• Linkage Fees
    • Prohibited cities from imposing “housing affordability” fees on all new residential and commercial construction
  • Accommodations in Property Appraisal Disputes
    • Allowed for property owners to participate in property valuation disputes with their central appraisal district via phone instead of in-person.
  • Real Estate Transactions
    • Provided buyers with information about the impact of nearby military installations.
    • Provided buyers with a disclosure when they are engaged in a wholesale real estate transaction.
  • Property Tax Reform
    • Gave taxpayers more information about how tax rates are set and how to engage in the rate-setting process. Changed the rollback rate for most cities and counties from 8% to 3.5%, requiring voter approval to exceed the rollback rate.
  • School Finance Reform
    • Comprehensive reform of the state’s public school finance and property tax systems to lessen the burden on local property taxpayers while increasing the state’s investment in educators and students.
  • Ended Forced Annexation
    • Required a municipality seeking to annex an area into its limits to hold an election for the affected residents to decide whether they wish to be annexed.
  • TREC Sunset Review
    • Extended TREC for six years, maintains SDSI status, and requires additional reporting to the Legislature, Governor, and Sunset Commission.
  • HOA Reform
    • Provided Texans with a clear understanding of their communities’ management structures and practices, including a cap on resale certificate fees, increased transparency in HOA management, and created better due process to resolve disputes.
  • Increase Broadband Access
    • Established a new Broadband Development Office to administer grants for expanding access to broadband in eligible areas.
  • Reform Civil Liability
    • Ensured small business owners, like REALTORS®, can continue to provide their essential services during times of crisis with protection from certain claims.
  • Real Estate Deeds
    • Provided a simple option for property owners to remove unconstitutional covenants from their real estate deeds through their county clerk’s office.
  • Eminent Domain Reform
    • Increases fairness and transparency for property owners in eminent domain proceedings when an entity with condemning authority seeks to acquire their property.
  • Expand Appraisal Options
    • Improved the loan process and addresses the need for more timely appraisals by providing buyers with more options. Also allowed appraisers to perform evaluations without complying with USPAP when the lending guidelines do not require a full appraisal for a financial transaction.
  • Flood Disclosure for Tenants
    • Required landlords to provide a flood disclosure notice before a lease is signed.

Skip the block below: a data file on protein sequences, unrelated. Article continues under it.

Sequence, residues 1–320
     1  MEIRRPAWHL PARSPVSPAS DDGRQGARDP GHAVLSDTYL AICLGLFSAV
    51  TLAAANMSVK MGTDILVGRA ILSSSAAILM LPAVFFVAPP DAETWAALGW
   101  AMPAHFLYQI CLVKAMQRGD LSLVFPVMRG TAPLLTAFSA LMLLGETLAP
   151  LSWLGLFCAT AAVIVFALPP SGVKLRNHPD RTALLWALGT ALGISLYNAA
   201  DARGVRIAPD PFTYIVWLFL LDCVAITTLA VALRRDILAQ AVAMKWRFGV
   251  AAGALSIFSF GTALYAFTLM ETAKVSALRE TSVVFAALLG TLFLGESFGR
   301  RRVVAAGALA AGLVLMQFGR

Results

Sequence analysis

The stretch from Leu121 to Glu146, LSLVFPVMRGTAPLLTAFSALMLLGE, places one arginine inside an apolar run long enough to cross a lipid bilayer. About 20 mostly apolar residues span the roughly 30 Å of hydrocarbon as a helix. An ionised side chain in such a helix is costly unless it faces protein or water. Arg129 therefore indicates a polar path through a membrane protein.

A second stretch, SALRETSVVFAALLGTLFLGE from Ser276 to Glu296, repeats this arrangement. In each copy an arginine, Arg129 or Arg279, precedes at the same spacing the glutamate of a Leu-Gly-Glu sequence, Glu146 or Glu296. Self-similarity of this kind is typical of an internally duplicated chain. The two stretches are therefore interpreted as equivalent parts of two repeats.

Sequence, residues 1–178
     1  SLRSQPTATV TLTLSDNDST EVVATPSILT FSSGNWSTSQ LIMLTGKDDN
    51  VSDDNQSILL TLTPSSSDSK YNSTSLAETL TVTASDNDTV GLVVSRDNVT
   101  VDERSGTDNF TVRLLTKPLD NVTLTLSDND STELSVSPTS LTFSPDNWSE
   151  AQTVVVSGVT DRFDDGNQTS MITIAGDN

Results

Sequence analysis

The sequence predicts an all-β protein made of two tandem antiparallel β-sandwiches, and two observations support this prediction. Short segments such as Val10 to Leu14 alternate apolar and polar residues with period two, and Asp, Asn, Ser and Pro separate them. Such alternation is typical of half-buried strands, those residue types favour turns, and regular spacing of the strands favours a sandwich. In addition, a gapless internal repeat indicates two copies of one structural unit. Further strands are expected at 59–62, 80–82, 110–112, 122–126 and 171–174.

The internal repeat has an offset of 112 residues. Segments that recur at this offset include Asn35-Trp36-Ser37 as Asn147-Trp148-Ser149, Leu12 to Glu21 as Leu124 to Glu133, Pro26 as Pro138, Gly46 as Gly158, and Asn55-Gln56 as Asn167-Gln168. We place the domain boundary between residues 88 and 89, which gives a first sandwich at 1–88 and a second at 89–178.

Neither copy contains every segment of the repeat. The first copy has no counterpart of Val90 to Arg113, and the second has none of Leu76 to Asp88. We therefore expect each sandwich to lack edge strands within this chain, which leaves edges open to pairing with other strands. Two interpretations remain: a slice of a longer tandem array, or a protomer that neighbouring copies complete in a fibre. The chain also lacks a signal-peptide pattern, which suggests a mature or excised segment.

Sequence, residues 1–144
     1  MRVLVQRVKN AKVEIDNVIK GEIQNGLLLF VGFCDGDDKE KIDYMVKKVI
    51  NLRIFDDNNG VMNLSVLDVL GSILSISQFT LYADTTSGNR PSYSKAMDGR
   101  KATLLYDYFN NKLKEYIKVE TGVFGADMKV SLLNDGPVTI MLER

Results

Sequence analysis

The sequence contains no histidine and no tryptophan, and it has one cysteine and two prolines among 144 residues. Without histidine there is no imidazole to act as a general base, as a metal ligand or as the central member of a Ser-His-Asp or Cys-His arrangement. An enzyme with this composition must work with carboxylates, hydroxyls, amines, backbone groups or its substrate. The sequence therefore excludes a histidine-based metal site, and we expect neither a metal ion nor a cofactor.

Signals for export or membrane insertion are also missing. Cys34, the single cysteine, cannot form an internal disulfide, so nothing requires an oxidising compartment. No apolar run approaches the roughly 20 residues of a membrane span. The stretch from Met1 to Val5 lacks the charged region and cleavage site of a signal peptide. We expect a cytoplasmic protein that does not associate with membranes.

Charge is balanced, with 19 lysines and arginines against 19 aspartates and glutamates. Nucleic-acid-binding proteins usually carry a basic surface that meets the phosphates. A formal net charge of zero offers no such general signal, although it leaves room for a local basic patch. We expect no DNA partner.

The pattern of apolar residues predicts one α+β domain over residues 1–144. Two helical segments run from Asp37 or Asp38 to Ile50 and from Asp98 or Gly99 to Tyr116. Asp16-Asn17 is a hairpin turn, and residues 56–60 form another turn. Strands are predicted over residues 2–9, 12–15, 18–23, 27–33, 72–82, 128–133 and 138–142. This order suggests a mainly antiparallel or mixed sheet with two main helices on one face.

• Condo Association Transparency
    • Increased transparency for property owners by requiring condo associations to make the association’s books and records open and available for owners or their representatives.
  • Property Tax Transparency
    • Created texas.gov/propertytaxes to give taxpayers access to information on local tax rates that determine their property tax bills.
  • Historic Property Tax Reform
    • Provided an $18 billion property tax relief package that includes a $100,000 homestead exemption, $12 billion to buy down local school tax rates, and a pilot program to impact appraised values targeted toward rental housing and small businesses.
  • Water Fund
    • Created a fund to help support projects to develop adequate and sustainable water supplies throughout the state.
  • Broadband Fund
    • Allowed more Texans across the state to access high-speed internet, advancing educational and work opportunities in rural Texas.
  • Economic Development Incentives
    • Created a means for companies to receive temporary property tax relief in exchange for providing jobs and other economic boons to their communities.
  • Energy Fund
    • Created a new fund to help build and reinforce dispatchable, on-demand electrical energy to ensure Texans don’t see electric service disruptions during times of peak demand.
  • Private Property Rights – Right to Farm
    • Prohibited municipalities from enforcing overreaching regulation on property owners and reduces municipal limitations on agricultural activity property owners may conduct on their land.
  • Private Property Rights – Form of Payment
    • Prevented HOAs from dictating what form of rent payments property owners can or cannot accept.
  • Real Estate Commission
    • Eliminated the need for certain sole-owner, registered business entities to also be licensed by TREC.